Friedrich Wilhelm August Froebel (1782-1852) wasa German educator and psychologist who was a pioneer of the kindergarten system and influenced the growth of the manual training movement in education.
Friedrich Froebel was born on April 21, 1782, in Oberweissbach, a small village in Thuringia. His father was a Lutheran minister. His mother died 9 months after his birth. In 1797 Froebel was apprenticed to a forester in Thuringia. Two years later, while visiting his brother, Froebel took some courses at the University of Jena.
In 1801 Froebel returned home to be with his ailing father. After his father's death the following year he became a clerk in the forestry department of the state of Bamburg. From 1804 to 1805 he served as a private secretary to several noblemen.
The year 1805 marked a turning point in Froebel's life. He went to Frankfurt intending to become an architect but instead ended up teaching in a preparatory school. The effect of this teaching experience on Froebel was such that he decided to make education his life's work. In 1808 he went to Yverdon, Switzerland, where he tutored boys attending Johann Pestalozzi's institute. Feeling somewhat lacking in his own educational background, he left Yverdon in 1811 and studied at the universities of Göttingen and Berlin until 1816. During this period he briefly served in the army raised by the German states to oppose Napoleon.
In 1816 Froebel opened the Universal German Educational Institute at Keilham, a school based on his own educational theories. Its curriculum was comprehensive in nature, covering all aspects of the student's growth and development—both physical and mental. In 1818 he married Henrietta Hoffmeister.
In Froebel's major educational work, The Education of Man (1826), he explained the basic philosophy which guided his educational undertakings—the unity of all things in God. This doctrine is evident in his work in the area of early-childhood education, to which he turned his attention in 1836. This culminated in the development of his famous kindergarten in 1840. That same year Froebel began to instruct teachers in the principles and methods of the kindergarten. His Mutterund Koselieder (1843) is a song and picture book for children. He spent the remainder of his life elaborating, propagandizing, and defending the principles and practices embodied in the kindergarten.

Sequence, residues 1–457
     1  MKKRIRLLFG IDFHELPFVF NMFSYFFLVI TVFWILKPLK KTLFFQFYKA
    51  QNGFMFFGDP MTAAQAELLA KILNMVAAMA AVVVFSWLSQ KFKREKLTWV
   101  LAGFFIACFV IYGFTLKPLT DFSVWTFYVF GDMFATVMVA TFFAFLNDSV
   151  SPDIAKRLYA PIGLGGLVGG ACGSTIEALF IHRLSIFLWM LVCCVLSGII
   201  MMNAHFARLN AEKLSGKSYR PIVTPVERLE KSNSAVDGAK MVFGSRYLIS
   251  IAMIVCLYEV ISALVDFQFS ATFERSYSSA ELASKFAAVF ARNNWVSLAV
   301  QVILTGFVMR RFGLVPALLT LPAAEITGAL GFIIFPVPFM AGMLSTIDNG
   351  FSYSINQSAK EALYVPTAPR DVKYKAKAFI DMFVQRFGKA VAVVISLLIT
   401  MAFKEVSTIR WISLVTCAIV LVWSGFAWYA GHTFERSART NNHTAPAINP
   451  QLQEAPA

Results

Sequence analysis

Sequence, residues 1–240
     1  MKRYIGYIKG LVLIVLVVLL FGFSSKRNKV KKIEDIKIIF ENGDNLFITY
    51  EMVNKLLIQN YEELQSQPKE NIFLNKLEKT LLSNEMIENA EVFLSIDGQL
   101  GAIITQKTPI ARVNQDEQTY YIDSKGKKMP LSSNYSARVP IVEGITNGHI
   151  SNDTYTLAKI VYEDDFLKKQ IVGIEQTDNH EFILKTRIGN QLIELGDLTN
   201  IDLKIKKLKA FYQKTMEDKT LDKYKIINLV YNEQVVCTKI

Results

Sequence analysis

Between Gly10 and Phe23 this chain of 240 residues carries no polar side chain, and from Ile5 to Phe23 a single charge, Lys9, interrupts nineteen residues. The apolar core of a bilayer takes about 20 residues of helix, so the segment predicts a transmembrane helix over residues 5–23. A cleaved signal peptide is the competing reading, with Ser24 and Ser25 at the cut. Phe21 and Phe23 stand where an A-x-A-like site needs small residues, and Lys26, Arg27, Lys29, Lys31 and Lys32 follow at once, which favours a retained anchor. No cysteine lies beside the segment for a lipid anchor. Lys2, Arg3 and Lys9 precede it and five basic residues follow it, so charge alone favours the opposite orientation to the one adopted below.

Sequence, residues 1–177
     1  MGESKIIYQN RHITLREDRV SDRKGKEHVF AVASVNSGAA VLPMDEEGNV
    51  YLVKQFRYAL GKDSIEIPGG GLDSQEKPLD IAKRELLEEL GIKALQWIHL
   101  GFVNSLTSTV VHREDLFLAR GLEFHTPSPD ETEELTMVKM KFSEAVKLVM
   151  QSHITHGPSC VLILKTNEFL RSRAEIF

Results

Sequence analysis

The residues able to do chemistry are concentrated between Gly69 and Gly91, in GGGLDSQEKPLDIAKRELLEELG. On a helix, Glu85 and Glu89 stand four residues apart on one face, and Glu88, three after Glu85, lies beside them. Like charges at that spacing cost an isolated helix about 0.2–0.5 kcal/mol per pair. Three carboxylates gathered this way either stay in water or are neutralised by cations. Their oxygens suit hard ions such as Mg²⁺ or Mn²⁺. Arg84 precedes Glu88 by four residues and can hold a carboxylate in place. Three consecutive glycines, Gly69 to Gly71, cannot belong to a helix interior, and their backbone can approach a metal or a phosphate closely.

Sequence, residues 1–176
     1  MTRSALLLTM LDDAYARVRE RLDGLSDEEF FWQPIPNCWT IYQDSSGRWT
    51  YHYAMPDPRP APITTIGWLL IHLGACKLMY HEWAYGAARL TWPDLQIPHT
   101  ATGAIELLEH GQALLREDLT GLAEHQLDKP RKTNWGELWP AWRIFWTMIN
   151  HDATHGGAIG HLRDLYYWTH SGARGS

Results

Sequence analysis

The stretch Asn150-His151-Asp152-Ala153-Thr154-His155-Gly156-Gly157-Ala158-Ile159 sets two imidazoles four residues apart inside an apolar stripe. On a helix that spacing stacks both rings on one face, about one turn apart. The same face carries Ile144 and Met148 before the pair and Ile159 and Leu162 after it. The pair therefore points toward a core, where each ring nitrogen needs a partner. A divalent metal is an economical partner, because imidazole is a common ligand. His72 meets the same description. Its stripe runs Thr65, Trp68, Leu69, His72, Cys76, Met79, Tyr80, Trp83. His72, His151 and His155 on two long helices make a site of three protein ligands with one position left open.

In 1849, after spending approximately 5 years touring Germany and spreading the idea of the kindergarten, Froebel settled in Liebenstein. He spent the remainder of his life combating conservative forces critical of his educational theories. These forces managed in 1851 to get the Prussian government to ban the kindergarten on the grounds that it was an atheistic and socialistic threat to the state. This action was based not so much on what Froebel had done but rather on his followers' misrepresentation of his educational ideas. He did what he could to restore confidence in his kindergarten but died on June 21, 1852, some 8 years before the ban was lifted by the Prussian government.
This preschool experience for children grew out of Froebel's belief that man is essentially part of the total universe that is God. He felt that the only way for one to become one's real self, as God intended, was through the natural unfolding of the innate qualities that made up the whole person. This process should begin as soon as possible and under as natural conditions as possible. The program encouraged free activity, so that forces within the child could be released; creativeness, since man, being part of the creative God, should also create; social participation, since man must by nature act in society (a departure from Rousseau); and motor expression, which is related to activity and learning by doing.
The favorable aspects of his view of the kindergarten lie in Froebel's emphasis on the child, the view that education is growth, the recognition of the importance of activity in education, and the position that knowledge is not the end of education. Less favorable in terms of modern thought is the heavy emphasis he placed on object teaching. Froebel believed in an almost mystical way that an object could in some way create symbolic meaning for a child (for example, association with a ball teaches the meaning of unity). In later years the use of objects was to become a formalized and fixed part of the kindergarten curriculum. The "unfolding of innate qualities" in a mystical manner has also been criticized as being unscientific.
For an account of Froebel see his Autobiography (trans. 1886).For insight into the early growth of the kindergarten in the United States see Nina C. Vandewalker, The Kindergarten in American Education (1908). William Boyd, The History of Western Education (1921; 8th ed. 1966), and James Mulhern, A History of Secondary Education in Pennsylvania (1933), both place the kindergarten in relation to other educational developments.